A new research report has given us an in-depth look at the variations between popular emoji characters and how they are perceived by individuals that receive them on varying device types, often resulting in entirely different interpretations. How varied can this experience be? Let’s find out.
Titled “Blissfully happy” or “ready to fight”: Varying Interpretations of Emoji, the report delves into the world of emoji in a way that more than likely hasn’t been done before. There’s a whole ton of information and history of emoji covered, but one of those most interesting aspects chooses to look at a problem that we have probably all faced at one point or another in our texting and social media experience; the fact that different devices are designed to interpret and display different emoji characters in a different way. That in itself can cause mass confusion amongst people talking to one another on different device platforms and networks through means of messaging.
If you’re an iPhone or iPad owner who regularly sends or receives messages with emoji characters, then the chances are that you’ve fallen foul of the “grinning face with cheery eyes” emoji, also known as the “constipated face” emoji. If received on one of Apple’s iOS devices, this cheeky little characters instantly conjures up negative connotations and actually looks like an icon that’s used to project guilt or negative feelings toward someone or something.
Conversely, if you receive the exact same emoji on a Samsung device then you are looking at a beaming happy smile with rosy cherub cheeks that instantly shows happiness and joy. The same goes for viewing the same character on HTC devices, stock Android devices, Windows Phone, and more.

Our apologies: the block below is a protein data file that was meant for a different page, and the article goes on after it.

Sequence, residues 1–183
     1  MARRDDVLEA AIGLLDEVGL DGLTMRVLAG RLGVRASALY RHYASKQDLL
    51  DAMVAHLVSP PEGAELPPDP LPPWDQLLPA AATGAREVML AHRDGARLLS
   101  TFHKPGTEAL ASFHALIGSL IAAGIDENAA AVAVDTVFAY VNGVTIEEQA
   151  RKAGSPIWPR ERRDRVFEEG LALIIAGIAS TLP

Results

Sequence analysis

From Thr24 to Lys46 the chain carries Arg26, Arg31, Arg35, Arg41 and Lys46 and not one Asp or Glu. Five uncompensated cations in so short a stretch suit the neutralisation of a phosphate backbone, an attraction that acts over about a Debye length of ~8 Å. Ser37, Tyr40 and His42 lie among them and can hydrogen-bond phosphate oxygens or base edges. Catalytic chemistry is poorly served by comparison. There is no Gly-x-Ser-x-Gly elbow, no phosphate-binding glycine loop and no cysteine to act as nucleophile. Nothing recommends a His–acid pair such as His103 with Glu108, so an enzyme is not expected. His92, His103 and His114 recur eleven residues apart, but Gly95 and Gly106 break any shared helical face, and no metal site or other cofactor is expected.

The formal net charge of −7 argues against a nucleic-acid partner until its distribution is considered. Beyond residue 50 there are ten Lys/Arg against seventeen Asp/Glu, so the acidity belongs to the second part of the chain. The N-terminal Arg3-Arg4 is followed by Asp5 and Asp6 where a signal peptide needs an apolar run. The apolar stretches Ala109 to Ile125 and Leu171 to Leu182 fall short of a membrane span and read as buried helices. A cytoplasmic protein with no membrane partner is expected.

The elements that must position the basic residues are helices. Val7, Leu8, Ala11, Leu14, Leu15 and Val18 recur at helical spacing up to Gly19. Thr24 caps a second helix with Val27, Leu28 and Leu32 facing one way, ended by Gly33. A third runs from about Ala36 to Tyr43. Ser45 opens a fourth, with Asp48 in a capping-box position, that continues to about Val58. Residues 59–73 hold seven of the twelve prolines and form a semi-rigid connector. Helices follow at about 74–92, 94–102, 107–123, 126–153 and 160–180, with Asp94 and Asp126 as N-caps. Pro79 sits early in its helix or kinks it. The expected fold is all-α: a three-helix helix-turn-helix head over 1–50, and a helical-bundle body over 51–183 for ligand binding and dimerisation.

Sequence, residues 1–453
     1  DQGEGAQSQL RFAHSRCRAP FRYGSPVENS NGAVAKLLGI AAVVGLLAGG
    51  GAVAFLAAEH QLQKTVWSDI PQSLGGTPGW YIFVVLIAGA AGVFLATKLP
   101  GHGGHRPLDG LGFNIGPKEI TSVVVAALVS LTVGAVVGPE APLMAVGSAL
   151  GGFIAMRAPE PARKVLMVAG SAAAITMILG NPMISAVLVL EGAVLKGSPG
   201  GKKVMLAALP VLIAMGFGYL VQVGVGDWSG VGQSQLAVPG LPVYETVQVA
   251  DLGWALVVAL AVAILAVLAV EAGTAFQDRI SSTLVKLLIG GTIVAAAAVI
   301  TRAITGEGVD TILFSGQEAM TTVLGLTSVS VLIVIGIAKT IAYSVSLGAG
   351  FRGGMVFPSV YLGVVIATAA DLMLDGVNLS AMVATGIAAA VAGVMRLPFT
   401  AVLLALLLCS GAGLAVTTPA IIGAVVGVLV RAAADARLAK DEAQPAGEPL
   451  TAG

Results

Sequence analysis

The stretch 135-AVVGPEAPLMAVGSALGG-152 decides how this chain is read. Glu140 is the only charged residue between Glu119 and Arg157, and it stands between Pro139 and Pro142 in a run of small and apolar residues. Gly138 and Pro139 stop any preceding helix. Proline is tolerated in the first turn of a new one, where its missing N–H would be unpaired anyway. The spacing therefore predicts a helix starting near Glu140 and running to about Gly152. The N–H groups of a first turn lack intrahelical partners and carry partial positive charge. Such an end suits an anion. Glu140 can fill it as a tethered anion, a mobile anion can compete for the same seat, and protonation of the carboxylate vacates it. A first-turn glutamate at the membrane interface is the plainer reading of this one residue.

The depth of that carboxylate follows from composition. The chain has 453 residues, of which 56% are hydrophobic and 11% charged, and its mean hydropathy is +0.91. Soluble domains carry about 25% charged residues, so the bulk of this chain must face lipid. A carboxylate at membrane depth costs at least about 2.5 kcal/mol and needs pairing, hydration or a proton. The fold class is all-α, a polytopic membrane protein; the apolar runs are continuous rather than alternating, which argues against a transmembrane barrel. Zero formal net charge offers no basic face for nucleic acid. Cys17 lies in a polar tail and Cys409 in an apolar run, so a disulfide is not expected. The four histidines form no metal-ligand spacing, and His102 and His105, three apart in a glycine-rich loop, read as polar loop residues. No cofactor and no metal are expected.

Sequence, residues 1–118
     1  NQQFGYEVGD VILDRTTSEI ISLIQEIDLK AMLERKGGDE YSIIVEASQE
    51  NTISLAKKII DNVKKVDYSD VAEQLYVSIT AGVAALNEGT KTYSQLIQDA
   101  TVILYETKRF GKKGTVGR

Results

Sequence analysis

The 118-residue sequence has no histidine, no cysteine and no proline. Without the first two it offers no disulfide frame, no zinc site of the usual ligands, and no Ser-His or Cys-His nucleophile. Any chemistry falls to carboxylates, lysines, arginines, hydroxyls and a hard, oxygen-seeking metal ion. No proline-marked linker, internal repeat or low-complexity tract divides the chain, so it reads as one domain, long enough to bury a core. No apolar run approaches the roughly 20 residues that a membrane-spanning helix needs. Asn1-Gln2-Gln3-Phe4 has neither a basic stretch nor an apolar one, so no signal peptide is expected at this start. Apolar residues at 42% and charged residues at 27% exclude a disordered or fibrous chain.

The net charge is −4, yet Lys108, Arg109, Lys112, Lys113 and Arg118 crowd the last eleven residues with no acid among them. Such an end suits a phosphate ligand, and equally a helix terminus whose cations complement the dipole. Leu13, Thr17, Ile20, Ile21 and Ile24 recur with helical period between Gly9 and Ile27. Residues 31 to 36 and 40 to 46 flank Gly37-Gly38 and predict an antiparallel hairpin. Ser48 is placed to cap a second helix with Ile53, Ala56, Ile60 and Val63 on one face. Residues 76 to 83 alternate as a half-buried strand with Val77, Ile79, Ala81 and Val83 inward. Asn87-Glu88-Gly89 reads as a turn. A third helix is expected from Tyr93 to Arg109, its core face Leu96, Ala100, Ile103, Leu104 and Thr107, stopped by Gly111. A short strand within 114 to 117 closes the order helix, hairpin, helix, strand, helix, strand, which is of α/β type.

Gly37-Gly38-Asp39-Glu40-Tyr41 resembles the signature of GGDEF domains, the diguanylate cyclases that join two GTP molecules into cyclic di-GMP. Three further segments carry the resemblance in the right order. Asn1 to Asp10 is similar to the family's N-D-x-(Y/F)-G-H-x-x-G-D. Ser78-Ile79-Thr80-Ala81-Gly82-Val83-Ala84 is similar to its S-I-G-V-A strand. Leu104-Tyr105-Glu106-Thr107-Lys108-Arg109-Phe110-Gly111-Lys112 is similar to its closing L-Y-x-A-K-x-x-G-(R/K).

The research team have taken the opportunity to use the differences in how these emoji are displayed to engage the general public on the type of feeling that each emoji conjured up with being viewed on different devices. The “grinning face with cheery eyes” emoji was subjected to a rating ranging from extremely negative to a positive emotions inducement. With Apple, the emoji was rated at -1 just below neutral, but Samsung, LG, and Google (Android) raked in a +4 rating throwing it in the “happy, excited” side of things.
Considering that a recent report suggests that nearly half of all text on Instagram contains emoji characters, and the fact that the Oxford Dictionary declared the “face with tears of joy” to be last year’s “word of the year”, it’s becoming increasingly evident that not only do emojis play an important part of communication in the modern world, but that they can also affect the tone and direction of a conversation when used on different platforms.
Given this research, and the insights that it produces, we have to wonder if Unicode will look to clarify some of the descriptive data that is assigned to each little character, but given the varying platforms and their take on emoji’s it is definitely an uphill task.
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